The Asia-Pacific Economic Cooperation (APEC) Business Advisory Council (ABAC) has underlined the importance of collaboration across the region to combat COVID-19.
In a press statement, ABAC shared that business leaders from the Asia-Pacific region have called for APEC leadership and cooperation to combat the grave challenges, posed by the COVID-19 pandemic, to health and economies.
“Saving lives is obviously what matters most right now. That demands collaboration across the region on the knowledge and the tools we need to combat the health impacts and mitigate the most severe economic consequences in the short term,” said ABAC Chairwoman Dato Rohana Tan Sri Mahmood. “We also need to lay the groundwork for rapid economic recovery as the worst of the storm begins to subside.”
Dato Rohana said that ABAC has written to APEC Trade and Foreign Ministers to urge them to lead the way in removing barriers to trade in the essential tools needed to fight the pandemic, including medical equipment, medicines and basic protective items such as soap, disinfectant and personal protective equipment.
“Complementing this effort, economies should facilitate trade in these critical supplies by simplifying and expediting border procedures, and should relax the rules to allow essential workers, including medical professionals to move across borders to serve the areas of greatest need.”
“Underpinning all of this, APEC economies should of course share their experiences in acting to contain the pandemic, exchange data and research, and collaborate on public health measures,” added Dato Rohana.
She cautioned that actions needed to go beyond addressing health. “This is rapidly becoming a financial and economic crisis too. The impacts on workers, businesses and supply chains are already severe,” she said. “We are especially concerned about small businesses, the self-employed and those in the informal economy, who are ill-equipped to withstand these impacts.”
She added, “We call on ministers to share ideas and collaborate on approaches to address the rapid rise in unemployment, bankruptcies and other business challenges around liquidity, credit and tax payments.”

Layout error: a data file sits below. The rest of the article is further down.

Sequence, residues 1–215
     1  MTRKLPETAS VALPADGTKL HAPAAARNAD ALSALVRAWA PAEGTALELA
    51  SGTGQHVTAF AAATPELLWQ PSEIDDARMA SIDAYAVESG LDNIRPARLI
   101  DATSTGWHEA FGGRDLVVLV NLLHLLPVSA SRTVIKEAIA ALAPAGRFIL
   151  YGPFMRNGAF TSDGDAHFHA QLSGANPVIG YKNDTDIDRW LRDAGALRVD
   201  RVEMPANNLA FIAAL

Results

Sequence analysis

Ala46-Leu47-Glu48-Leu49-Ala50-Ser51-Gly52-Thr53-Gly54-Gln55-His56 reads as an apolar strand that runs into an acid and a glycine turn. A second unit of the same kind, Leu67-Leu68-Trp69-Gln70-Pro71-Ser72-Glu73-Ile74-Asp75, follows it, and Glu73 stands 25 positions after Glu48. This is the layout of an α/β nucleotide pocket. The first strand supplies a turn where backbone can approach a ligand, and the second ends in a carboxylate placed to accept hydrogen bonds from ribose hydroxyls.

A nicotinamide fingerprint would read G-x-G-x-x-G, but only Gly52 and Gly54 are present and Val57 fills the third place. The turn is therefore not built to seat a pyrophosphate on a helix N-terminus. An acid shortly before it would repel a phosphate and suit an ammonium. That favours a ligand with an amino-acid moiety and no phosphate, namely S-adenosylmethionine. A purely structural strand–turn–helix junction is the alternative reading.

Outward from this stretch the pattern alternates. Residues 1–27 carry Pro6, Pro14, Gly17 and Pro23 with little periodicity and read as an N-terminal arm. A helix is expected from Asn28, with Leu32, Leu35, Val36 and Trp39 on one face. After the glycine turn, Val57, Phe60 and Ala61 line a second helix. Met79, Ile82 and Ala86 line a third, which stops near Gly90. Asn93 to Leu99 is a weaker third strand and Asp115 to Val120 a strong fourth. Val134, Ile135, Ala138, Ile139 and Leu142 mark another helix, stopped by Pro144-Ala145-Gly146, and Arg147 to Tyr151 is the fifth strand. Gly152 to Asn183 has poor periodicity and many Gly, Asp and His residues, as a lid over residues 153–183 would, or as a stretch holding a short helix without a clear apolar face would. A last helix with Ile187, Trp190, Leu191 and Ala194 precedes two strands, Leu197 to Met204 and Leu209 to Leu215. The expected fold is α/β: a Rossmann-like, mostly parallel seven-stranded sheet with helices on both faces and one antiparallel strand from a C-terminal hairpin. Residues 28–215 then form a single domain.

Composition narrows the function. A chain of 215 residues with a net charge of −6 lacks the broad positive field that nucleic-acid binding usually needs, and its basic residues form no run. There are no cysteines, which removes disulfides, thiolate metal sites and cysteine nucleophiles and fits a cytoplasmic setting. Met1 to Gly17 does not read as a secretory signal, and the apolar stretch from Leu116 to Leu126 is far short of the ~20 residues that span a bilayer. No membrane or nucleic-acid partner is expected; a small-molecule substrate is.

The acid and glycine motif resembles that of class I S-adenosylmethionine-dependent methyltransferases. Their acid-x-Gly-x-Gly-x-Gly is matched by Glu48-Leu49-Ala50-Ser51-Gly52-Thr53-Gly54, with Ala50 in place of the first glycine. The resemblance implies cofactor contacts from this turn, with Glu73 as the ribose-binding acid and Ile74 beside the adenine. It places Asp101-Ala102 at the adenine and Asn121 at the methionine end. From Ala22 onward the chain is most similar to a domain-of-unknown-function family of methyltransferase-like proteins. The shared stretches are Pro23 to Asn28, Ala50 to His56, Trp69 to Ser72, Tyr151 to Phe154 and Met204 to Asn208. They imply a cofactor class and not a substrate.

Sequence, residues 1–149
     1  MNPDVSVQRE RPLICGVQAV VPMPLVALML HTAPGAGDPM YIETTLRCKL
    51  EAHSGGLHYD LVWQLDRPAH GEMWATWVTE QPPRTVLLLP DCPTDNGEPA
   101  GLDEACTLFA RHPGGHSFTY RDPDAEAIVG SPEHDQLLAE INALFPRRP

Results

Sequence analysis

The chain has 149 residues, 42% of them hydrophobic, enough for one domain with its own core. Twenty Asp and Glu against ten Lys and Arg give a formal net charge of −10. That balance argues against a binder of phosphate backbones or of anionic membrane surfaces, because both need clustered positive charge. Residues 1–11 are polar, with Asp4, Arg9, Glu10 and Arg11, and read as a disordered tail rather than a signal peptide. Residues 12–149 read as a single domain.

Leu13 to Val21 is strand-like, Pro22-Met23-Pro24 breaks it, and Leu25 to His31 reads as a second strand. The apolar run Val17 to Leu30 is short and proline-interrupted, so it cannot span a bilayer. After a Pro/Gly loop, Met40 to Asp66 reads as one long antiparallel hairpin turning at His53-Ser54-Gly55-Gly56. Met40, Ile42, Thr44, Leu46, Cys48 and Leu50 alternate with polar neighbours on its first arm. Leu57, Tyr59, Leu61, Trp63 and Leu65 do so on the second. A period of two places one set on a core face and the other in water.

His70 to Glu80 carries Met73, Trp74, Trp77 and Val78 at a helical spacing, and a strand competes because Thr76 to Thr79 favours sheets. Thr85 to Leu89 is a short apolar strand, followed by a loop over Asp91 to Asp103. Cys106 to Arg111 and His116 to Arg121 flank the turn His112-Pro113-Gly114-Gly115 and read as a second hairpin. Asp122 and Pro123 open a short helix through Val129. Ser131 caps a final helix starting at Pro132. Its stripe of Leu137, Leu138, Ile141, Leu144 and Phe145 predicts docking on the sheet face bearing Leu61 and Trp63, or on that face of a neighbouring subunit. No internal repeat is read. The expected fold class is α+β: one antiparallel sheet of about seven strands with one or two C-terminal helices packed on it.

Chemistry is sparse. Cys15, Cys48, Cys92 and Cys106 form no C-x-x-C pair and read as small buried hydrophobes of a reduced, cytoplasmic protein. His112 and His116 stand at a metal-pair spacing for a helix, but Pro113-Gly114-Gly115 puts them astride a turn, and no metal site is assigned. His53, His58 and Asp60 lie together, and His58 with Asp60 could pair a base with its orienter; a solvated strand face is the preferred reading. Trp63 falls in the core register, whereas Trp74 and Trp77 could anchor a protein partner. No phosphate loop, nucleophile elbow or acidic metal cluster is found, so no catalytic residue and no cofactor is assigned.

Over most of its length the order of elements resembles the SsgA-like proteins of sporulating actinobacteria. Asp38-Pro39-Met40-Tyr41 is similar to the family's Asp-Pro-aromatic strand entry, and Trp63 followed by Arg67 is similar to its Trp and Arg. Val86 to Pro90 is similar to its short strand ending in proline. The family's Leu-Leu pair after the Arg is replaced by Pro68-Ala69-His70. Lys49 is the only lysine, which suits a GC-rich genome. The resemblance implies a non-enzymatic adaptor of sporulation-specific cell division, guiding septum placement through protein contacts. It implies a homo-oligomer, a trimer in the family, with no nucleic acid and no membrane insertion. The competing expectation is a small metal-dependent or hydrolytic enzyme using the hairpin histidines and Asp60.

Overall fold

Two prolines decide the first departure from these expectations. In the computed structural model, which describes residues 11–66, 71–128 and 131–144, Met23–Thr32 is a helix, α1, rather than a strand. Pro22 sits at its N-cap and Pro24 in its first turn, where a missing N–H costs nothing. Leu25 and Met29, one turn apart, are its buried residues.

Dato Rohana said that, looking to the longer term, any eventual recovery would take more time if the engines of trade and investment could not be restarted quickly.
“We urge APEC economies to announce a standstill on all new trade-restrictive measures for the rest of this year and to agree concrete actions to reduce protectionism going forward.
“Our most vulnerable communities need to be able to access food and other essential household products. Our businesses need to have the confidence to re-invest and rebuild our economies. Protectionism of any sort impedes the road to recovery,” the ABAC Chair added.
Underpinning all these efforts, ABAC has called on APEC economies to make the fullest possible use of digital technologies and connectivity, to collaborate effectively across economies and enable a level of economic activity to continue.
“Access to resilient digital infrastructure such as broadband, including in emerging economies, is essential. So is minimising barriers to cross border data flows,” Dato Rohana said, adding that “there is no precedent for the global shut down we are now experiencing and no guidebook to assist us as we recover, so it is critical that APEC economies work collaboratively to address the immediate challenges and to plan for reopening of our borders as soon as possible.”
APEC is a regional economic forum established in 1989 that aims to create greater prosperity for the people of the region by promoting balanced, inclusive, sustainable, innovative and secure growth and by accelerating regional economic integration. It has 21 members, including Brunei Darussalam.
ABAC was created by APEC leaders in 1995 to be the primary voice of business in APEC, with each economy having three members.
Brunei Darussalam’s Legislative Council member Yang Berhormat Nik Hafimi binti Abdul Haadii, who is a member of ABAC Brunei, spoke to the Bulletin recently.
She shared the ABAC Brunei’s perspective: “ABAC has always been about learning, sharing and collaborating to benefit the Asia Pacific community. This message is more important now than it has ever been as each economy deals with COVID-19 and the call to APEC is that it should stay its course to increasing open collaboration.”
She said, “In Brunei, we have seen the ‘Brunei Spirit’ of coming together energised. Fiscal, monetary and human capacity initiatives have been laid out clearly by the government of His Majesty Sultan Haji Hassanal Bolkiah Mu’izzaddin Waddaulah ibni Al-Marhum Sultan Haji Omar ‘Ali Saifuddien Sa’adul Khairi Waddien, Sultan and Yang Di-Pertuan of Brunei Darussalam to support the private sector.”
“At the same time,” she said, “human capacity and life-long learning programmes have been enhanced to ensure sustainability and readiness of the working population once the immediate crisis has passed.
“What is more important is that the whole nation is mobilised towards preparedness and once the pandemic has turned a corner and the connectivity is reopened all Bruneians can come out stronger, more dynamic and resilient.”
She added that regionally, “we commend the recent agreement amongst several APEC economies, including Brunei, for committing to maintaining open and connected supply chains.
“COVID-19 has reinforced our national commitment towards a digital future and Smart Nation capability. It has brought more urgency for enabling all sectors of our nation – public, private and civil society – on the importance of innovation to enable inclusion”.